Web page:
Involvement of SEI as quasi-governmental entity raises questions about role of CERT’s credibility in terms of they contribution to public cybersecurity as well. The fact that vulnerability was not disclosed to Tor project would indicate that potential usefulness of exploit takes priority over securing the network. While this would be in line with policy of stockpiling zerodays for offensive use, it is not something to be expected from CERT, which claims to work in the interest of community. And if the decision to publish or use particular vulnerability is made on case by case basis, then who makes the decision?
Whether scientists were forced or paid, all these questions stem from a single decision – a decision to blur the line between investigation and science, and outsource evidence gathering to a non law enforcement entity. Consequences of this decision, most importantly how materials gathered will be assessed by court, will be a significant signpost for future collaborations between academics and LEOs.
When David Cameron announced during #WeProtectChildren summit that GCHQ will join forces with National Crime Agency in order to effectively tackle problem of child pornography in Tor he, probably unintentionally, made a rather sweeping statement about role of intelligence agencies in process of fighting crime. GCHQ’s primary function after all is spying on foreign entities and protecting national security of the UK. In fact Intelligence Service Act 1994 names three functions of the agency: mentioned national security with emphasis on foreign and defence policy, economic well-being of the UK (again with emphasis on foreign actors) and in the last place support of the prevention and detection of serious crime. Status of use of the SIGINT in domestic matters is therefore not as obvious as it could be interpreted from Cameron’s words. Even in the UK, which generally have relaxed legal boundaries regarding law enforcement authority, power to authorise interception of communication by GCHQ still lies in the hands of the Secretary of State. Note has to be made that it is not yet clear what will be the form of cooperation between GCHQ and NCA – perhaps GCHQ will provide only technical assistance (i.e. forensic service) without resorting to more aggressive capabilities.
For some types of operations this kind of cooperation is natural – for example counter intelligence efforts most often rely on work of domestic intelligence, or specialised counter intelligence, agencies which disclose gathered materials in the course of court proceedings. However, that is true for intelligence agencies operating within borders of the country by default i.e. MI5 or FBI. The problem is that nowadays governments try to shift, or at least partially redirect, focus of foreign signal intelligence into tackling local threats. This is without a doubt result of use of more sophisticated tools by criminals. It is hard to argue with Cameron’s assessment, that use of Tor requires special efforts from law enforcement as well as use of measures available only to specific entities. At the same time question remains whether already existing regulations keep up with quick changes in actual policy.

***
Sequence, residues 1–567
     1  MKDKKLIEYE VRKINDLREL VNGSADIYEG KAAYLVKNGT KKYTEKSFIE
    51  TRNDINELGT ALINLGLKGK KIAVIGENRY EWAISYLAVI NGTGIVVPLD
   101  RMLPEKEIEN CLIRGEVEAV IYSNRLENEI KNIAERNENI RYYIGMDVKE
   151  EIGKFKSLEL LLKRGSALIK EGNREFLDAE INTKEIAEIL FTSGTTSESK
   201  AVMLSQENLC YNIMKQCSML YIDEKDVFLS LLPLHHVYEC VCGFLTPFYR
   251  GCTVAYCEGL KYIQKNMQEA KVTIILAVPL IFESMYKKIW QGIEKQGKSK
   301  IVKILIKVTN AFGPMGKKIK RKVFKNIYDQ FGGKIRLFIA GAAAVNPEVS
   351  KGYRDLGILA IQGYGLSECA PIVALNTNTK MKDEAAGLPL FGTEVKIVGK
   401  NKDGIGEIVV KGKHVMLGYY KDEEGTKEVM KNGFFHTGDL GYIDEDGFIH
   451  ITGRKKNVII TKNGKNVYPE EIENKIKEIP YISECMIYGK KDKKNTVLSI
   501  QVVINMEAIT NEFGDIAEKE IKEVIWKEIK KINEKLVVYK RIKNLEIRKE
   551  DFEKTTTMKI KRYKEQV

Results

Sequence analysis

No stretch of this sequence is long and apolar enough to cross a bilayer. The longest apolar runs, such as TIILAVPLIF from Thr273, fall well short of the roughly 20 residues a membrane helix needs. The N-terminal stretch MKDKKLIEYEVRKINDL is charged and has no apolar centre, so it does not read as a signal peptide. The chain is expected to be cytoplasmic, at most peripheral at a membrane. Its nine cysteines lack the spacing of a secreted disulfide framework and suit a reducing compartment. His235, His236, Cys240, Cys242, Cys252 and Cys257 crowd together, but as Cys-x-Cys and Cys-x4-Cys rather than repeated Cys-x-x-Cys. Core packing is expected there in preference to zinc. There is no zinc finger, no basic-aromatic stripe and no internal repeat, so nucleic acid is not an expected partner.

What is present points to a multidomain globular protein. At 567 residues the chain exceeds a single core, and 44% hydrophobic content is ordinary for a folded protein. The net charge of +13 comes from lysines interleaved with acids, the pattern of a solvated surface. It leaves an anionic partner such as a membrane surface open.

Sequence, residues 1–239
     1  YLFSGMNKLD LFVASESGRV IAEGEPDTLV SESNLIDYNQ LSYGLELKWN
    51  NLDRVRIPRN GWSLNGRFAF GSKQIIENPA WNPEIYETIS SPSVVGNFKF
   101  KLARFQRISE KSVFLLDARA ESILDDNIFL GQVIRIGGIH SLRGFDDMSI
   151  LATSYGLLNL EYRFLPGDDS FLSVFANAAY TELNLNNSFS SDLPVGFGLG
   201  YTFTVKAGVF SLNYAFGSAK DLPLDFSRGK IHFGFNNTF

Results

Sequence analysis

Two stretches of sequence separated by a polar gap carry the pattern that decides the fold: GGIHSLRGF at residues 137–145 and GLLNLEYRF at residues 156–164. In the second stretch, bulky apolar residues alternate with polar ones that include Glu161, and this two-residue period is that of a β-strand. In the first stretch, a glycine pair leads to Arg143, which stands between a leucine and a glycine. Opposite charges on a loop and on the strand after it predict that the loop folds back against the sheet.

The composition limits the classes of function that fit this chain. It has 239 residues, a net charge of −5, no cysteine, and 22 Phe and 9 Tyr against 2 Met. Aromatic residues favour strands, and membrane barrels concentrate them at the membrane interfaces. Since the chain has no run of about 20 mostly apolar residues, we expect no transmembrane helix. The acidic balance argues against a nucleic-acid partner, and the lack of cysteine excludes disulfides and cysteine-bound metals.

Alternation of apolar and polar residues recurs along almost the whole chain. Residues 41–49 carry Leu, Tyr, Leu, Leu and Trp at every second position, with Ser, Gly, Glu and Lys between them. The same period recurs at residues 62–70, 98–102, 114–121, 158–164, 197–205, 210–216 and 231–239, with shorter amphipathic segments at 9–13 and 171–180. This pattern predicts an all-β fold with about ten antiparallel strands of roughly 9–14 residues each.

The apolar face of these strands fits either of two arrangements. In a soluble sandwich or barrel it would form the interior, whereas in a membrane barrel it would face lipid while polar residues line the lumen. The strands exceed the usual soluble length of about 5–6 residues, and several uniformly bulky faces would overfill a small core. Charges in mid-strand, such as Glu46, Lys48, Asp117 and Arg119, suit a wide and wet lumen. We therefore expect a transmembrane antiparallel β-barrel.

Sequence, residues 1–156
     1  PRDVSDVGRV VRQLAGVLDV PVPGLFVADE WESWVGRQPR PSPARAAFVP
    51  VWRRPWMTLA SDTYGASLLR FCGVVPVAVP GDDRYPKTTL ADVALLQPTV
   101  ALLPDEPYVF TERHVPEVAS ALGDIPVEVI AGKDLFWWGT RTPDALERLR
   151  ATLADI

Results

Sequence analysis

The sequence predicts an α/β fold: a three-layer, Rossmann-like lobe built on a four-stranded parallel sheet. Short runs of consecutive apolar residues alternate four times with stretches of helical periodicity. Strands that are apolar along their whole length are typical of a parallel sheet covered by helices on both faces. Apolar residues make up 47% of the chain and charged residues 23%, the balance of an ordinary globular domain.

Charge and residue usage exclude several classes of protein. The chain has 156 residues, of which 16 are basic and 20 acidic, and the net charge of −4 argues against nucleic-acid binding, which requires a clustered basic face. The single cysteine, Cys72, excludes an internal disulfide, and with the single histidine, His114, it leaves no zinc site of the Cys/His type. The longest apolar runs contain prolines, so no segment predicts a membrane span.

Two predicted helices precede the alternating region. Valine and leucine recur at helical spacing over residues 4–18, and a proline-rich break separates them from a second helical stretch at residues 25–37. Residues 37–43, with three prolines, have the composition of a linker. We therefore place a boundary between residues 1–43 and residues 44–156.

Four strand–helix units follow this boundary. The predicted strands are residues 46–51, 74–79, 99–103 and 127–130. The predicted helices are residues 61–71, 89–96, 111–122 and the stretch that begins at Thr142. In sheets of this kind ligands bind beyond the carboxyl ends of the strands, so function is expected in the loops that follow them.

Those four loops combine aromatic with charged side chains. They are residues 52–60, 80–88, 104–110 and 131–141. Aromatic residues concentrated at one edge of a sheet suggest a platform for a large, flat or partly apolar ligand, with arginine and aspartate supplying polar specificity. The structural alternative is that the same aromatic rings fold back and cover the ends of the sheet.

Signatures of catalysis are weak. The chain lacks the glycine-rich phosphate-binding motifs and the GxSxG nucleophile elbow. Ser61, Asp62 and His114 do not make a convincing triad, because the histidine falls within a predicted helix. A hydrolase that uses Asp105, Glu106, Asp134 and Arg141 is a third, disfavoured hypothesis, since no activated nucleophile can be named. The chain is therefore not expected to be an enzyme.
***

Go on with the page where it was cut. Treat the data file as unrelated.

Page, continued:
Prezentacja dwóch badaczy z uniwersytetu Carnagie-Mellon o sensacyjnym tytule ‘Nie musisz być NSA aby złamać Tora’ już od pierwszych zapowiedzi budziła wiele kontrowersji. Tweet Runy Sandvik który początkowo wydał się być jedynie głosem rozczarowania związanym z brakiem współpracy i wymiany informacji pomiędzy naukowcami, a ekipą Tora okazał się jednak być niemal proroczy gdyż prezentacja została usunięta z grafiku konferencji. Ze zdawkowych na razie informacji wynika, że w sprawę musieli zaangażować się prawnicy uniwersytetu, którzy jak się wydaje zabronili komukolwiek mówienia czegokolwiek. Jedyne co jest pewne to, że prawnicy poinformowali organizatorów BlackHat o braku zgody placówki badawczej na wygłoszenie referatu. Biorąc pod uwagę, że badacze korzystali z zasobów uniwersytetu i prowadzili badania w ramach pracy naukowej uniwersytet może skutecznie zablokować upublicznienie efektów prac.
Jakie mogą być jednak przyczyny takiego obrotu spraw? Tor project zapewnia, że nie wnosili o wyłączenie prezentacji z planu konferencji – apelując jednocześnie o etyczne i odpowiedzialne prowadzenie badań związanych z siecią. Jak na razie najbardziej prawdopodobna wydaję się teoria, iż badacze – zapewne nieumyślnie – popełnili przestępstwo. Jeżeli prowadzili nasłuch sieci bez uzyskania zgody użytkowników (co jest niemal pewne) naruszyli Wiretap Act który zabrania nieuprawnionego przechwytywania komunikacji elektronicznej. Tłumaczyło by to również zdawkowe wyjaśnienia i brak komentarzy ze strony uniwersytetu, którego prawnicy dobrze wiedzą o potencjalnym ryzyko związanym z komentowaniem jakichkolwiek aspektów potencjalnego postępowania karnego. Oczywiście testowanie de facto ataku na sieć komputerową na rzeczywistych użytkownikach, a nie w warunkach laboratoryjnych, zakrawa co najmniej na lekkomyślność. Szczególnie dziwi to w obliczu doświadczenia obu badaczy – trudno uwierzyć, że równie chętnie testowali by np.: exploit umożliwiający zdalny dostęp. Być może odkrycie było tak ekscytujące, że twórcy zapomnieli skonsultować swoich działań z przepisami prawa.
Tak czy inaczej mam nadzieję, że prędzej czy później wyniki przeprowadzonych badań zostaną ujawnione. Wnioskują z opisu dostarczonego przez badaczy, który zakładał użycie łączy o wysokiej przepustowości i długi czas (kilka miesięcy) konieczny do skutecznego ataku. Niektórzy podejrzewają, że atak miał polegać na ustanowieniu kontrolowanych węzłów sieci. Duży transfer sprawiłby, że węzły te byłyby wybierane przez klientów podłączających się do sieci jak ‘entry guards’ które mają zapobiegać ujawnianiu użytkowników. Teoretycznie wybierane są one losowe i tylko one wybierane są jako pierwszy węzeł połączenia. Kontrolując zarówno entry guard jak i węzeł wyjściowy identyfikacja użytkowników byłaby już jak najbardziej możliwa.